In Cyprus port, Russian money flows freely
By Deepa Babington
LIMASSOL, Cyprus (Reuters) - In this seaside Cypriot town, an image of the Kremlin's onion domes adorns the doors of a local mini-market, Ferraris stand ready for hire by wealthy Russians and shops selling mink coats line streets drenched in warm Mediterranean sunshine.
Home to over 30,000 Russians who began flocking to Cyprus after the Soviet Union's collapse and catering to many more tourists each year, locals jokingly refer to the town, complete with Russian signs and schools, as "Limassolgrad".
"Cyprus is a fantastic place to do business from - people are friendly and for Russians it's very convenient because every single person in Limassol speaks some Russian," said Vadim Romanov, a 28-year-old Russian property developer who says he also has business interests in restaurants in the town.
"It's like I never left Russia."
Limassol, in the Greek speaking Cypriot south, epitomizes the love affair between two Orthodox Christian nations that can be traced back to Byzantine times and is now underpinned by deep financial ties.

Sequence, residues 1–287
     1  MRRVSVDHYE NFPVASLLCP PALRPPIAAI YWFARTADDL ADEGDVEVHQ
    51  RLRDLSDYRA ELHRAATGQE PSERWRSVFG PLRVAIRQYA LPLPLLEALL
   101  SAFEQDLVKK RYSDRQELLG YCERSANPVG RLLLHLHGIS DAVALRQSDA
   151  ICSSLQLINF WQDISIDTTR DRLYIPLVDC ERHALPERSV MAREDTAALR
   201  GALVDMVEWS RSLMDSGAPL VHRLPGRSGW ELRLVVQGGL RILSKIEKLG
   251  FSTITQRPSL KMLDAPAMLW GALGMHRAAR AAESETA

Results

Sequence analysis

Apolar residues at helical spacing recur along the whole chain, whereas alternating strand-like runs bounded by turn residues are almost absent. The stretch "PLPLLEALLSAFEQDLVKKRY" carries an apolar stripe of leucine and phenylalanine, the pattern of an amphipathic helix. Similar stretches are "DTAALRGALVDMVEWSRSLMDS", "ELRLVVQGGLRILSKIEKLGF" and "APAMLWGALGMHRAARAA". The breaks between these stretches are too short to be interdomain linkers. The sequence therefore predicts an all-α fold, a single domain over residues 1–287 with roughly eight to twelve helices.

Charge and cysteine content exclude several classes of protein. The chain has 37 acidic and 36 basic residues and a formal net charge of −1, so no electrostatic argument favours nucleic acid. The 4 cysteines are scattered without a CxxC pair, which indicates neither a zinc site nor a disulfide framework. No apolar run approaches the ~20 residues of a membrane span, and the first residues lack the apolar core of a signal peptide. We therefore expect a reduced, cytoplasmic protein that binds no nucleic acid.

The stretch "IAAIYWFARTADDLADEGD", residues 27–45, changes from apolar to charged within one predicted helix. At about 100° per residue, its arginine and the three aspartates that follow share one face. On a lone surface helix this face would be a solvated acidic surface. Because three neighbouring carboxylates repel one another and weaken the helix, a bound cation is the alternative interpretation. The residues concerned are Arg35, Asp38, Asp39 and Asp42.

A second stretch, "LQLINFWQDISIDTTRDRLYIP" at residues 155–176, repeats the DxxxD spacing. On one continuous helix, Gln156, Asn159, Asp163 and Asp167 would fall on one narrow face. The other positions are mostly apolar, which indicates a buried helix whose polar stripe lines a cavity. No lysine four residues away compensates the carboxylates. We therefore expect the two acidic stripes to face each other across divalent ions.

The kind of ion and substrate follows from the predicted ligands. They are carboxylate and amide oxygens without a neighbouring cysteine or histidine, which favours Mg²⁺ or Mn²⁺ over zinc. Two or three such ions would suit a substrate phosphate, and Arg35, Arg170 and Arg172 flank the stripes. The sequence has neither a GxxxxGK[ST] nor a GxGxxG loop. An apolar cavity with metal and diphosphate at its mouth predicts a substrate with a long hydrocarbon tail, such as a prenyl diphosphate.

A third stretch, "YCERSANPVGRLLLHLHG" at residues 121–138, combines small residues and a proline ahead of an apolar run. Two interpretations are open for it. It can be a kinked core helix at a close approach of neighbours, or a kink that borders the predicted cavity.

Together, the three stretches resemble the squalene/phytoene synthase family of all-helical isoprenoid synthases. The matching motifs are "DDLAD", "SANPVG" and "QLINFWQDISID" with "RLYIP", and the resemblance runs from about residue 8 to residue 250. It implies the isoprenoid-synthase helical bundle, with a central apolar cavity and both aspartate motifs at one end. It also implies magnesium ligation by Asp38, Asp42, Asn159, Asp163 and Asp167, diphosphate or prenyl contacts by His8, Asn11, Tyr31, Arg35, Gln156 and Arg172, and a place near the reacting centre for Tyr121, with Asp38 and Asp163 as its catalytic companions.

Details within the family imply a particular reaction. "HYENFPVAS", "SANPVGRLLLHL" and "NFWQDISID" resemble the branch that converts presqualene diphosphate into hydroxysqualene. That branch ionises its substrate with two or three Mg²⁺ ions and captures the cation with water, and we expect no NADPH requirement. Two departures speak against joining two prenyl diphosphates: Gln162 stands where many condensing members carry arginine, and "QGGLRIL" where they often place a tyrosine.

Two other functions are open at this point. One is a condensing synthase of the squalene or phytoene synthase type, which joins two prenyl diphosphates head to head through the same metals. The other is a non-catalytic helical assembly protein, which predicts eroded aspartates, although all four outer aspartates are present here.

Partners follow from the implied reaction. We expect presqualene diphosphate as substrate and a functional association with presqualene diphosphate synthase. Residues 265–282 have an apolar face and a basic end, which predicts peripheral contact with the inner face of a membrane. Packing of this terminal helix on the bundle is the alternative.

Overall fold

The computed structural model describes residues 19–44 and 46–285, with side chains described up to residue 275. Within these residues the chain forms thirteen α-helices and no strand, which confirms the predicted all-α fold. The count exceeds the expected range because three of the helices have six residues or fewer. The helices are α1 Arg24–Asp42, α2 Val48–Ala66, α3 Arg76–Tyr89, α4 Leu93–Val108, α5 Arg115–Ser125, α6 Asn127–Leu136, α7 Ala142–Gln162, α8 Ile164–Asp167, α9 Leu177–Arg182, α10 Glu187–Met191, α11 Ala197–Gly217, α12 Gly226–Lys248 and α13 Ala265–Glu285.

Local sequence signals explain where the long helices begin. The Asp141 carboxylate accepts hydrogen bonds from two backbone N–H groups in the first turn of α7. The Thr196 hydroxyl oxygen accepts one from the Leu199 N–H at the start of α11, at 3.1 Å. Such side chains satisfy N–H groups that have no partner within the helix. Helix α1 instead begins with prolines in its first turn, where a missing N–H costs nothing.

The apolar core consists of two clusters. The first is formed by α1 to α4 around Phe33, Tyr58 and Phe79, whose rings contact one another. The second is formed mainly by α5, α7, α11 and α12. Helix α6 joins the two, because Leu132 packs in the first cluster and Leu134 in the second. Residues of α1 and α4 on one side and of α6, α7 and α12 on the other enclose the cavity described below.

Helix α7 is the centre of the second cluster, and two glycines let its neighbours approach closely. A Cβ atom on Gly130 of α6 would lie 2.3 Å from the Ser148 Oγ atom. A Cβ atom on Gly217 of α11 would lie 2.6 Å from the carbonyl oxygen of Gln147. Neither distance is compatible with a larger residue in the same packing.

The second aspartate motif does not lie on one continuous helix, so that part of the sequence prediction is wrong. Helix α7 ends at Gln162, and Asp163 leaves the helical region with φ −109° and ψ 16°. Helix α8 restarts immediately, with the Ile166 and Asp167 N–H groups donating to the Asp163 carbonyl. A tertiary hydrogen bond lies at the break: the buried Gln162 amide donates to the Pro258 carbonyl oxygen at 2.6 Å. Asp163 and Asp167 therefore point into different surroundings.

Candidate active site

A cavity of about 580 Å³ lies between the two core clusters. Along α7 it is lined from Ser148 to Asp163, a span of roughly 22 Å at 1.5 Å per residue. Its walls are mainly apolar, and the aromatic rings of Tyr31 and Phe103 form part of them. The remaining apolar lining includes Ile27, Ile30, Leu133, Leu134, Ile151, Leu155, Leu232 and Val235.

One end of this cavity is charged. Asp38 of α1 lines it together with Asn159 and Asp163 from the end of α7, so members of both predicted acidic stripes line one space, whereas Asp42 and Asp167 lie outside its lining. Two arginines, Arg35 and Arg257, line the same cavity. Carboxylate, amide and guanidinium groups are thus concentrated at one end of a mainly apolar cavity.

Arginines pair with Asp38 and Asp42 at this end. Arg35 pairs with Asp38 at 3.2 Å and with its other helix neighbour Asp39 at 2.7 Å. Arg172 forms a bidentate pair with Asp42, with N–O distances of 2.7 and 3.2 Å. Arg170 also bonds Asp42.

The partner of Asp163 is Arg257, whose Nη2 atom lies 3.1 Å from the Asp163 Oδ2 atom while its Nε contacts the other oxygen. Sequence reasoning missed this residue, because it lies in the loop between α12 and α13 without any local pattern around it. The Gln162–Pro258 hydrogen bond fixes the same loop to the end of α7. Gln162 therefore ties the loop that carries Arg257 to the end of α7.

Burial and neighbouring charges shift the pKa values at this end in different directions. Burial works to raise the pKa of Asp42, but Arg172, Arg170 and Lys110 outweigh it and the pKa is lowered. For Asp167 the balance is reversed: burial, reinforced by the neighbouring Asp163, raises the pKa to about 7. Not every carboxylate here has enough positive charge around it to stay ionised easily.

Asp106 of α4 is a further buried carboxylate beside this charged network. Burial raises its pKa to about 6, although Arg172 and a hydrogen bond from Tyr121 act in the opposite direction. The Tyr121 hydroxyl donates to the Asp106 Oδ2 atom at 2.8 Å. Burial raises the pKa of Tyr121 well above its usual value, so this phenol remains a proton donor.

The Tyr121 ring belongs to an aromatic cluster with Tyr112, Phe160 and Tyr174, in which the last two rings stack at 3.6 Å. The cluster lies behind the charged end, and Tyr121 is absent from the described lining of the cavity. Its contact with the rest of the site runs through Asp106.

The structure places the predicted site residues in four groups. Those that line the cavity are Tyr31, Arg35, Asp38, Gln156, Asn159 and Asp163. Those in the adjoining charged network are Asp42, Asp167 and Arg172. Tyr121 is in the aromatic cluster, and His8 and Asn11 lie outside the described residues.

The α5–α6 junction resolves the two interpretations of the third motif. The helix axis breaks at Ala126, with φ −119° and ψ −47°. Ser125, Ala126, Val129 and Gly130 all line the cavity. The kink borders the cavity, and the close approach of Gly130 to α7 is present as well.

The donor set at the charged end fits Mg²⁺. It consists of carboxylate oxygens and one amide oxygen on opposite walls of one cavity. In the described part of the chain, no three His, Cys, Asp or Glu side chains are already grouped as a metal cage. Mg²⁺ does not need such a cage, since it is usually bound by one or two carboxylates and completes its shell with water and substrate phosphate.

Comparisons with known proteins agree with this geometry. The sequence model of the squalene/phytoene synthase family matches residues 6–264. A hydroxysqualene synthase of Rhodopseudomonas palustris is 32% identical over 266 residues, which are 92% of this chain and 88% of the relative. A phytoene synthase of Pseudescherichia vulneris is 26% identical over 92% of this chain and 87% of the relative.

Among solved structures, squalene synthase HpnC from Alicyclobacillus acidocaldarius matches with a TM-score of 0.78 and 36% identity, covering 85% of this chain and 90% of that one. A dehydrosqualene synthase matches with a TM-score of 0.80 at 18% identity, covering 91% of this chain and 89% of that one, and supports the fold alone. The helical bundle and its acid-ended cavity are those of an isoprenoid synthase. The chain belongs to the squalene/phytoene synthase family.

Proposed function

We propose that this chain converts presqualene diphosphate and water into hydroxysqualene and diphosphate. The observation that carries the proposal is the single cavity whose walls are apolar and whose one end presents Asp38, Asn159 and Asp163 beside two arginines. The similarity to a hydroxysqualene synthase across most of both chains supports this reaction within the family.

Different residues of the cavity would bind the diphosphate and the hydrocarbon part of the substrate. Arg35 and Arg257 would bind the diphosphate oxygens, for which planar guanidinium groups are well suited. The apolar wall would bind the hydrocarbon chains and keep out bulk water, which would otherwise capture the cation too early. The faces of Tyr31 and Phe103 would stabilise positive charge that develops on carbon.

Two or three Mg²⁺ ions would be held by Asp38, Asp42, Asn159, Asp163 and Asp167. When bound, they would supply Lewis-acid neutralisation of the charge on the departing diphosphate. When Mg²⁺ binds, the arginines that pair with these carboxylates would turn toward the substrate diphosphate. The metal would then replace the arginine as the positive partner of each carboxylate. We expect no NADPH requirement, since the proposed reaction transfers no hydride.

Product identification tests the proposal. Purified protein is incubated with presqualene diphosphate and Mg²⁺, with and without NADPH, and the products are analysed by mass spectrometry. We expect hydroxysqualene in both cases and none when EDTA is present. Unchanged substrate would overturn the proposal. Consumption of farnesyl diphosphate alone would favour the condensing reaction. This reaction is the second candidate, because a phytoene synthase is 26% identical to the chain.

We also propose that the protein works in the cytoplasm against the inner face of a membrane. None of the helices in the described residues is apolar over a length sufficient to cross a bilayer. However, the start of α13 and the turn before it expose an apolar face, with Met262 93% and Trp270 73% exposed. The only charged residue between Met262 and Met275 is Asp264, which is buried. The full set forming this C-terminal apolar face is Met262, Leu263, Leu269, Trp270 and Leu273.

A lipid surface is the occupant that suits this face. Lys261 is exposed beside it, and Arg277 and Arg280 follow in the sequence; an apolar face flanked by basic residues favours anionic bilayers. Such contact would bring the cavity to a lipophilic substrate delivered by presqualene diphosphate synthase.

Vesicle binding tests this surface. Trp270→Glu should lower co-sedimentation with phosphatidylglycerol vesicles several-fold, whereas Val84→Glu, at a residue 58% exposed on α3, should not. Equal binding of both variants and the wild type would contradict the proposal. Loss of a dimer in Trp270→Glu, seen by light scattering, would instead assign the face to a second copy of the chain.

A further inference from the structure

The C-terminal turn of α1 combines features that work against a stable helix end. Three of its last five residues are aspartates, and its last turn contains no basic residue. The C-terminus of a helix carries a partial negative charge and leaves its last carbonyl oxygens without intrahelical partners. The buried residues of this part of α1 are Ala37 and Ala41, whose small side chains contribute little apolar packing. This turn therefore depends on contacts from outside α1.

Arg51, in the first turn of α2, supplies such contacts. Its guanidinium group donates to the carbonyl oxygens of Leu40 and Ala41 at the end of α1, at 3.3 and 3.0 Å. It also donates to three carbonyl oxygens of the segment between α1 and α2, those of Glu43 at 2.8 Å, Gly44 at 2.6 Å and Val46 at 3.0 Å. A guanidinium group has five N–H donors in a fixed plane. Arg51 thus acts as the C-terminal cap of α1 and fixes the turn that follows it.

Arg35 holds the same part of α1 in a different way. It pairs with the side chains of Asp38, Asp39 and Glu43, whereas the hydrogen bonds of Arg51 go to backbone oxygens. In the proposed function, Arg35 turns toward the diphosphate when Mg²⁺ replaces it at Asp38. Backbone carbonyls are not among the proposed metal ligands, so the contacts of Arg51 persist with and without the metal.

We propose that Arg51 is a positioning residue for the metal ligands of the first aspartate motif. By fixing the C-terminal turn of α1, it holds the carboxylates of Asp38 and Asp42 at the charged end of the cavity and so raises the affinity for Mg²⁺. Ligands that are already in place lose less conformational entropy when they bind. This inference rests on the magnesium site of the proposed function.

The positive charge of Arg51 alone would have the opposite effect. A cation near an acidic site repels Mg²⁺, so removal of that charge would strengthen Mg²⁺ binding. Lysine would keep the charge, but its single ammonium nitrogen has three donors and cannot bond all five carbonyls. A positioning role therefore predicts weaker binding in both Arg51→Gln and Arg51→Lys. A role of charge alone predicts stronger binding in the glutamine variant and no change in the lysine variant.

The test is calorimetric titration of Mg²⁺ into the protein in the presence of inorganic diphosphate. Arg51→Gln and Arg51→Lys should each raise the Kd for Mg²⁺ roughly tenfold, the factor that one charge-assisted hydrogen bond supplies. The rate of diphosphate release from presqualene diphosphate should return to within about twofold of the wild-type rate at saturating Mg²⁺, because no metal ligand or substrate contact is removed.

But those ties are coming under unprecedented scrutiny by European policymakers who question whether Cyprus is a hub for Russian money laundering, while pressing Moscow to extend its 2.5-billion euro loan to help the island avoid bankruptcy.
Eye-popping amounts of cash wash between the two countries every year - several times Cyprus's 18-billion-euro national income - as Russians take advantage of a treaty that lets them pay the island's low tax rates but also raising suspicions among some EU states that complex transfers are used to launder money that was illegally earned or on which more tax should be paid.
Cyprus - which will elect a president in a run-off vote on Sunday - is still waiting on EU aid eight months after asking for help, with a bailout held up partly on German fears that the euro zone could inadvertently be bailing out wealthy Russians who have parked their money in financial institutions in Cyprus. Continued...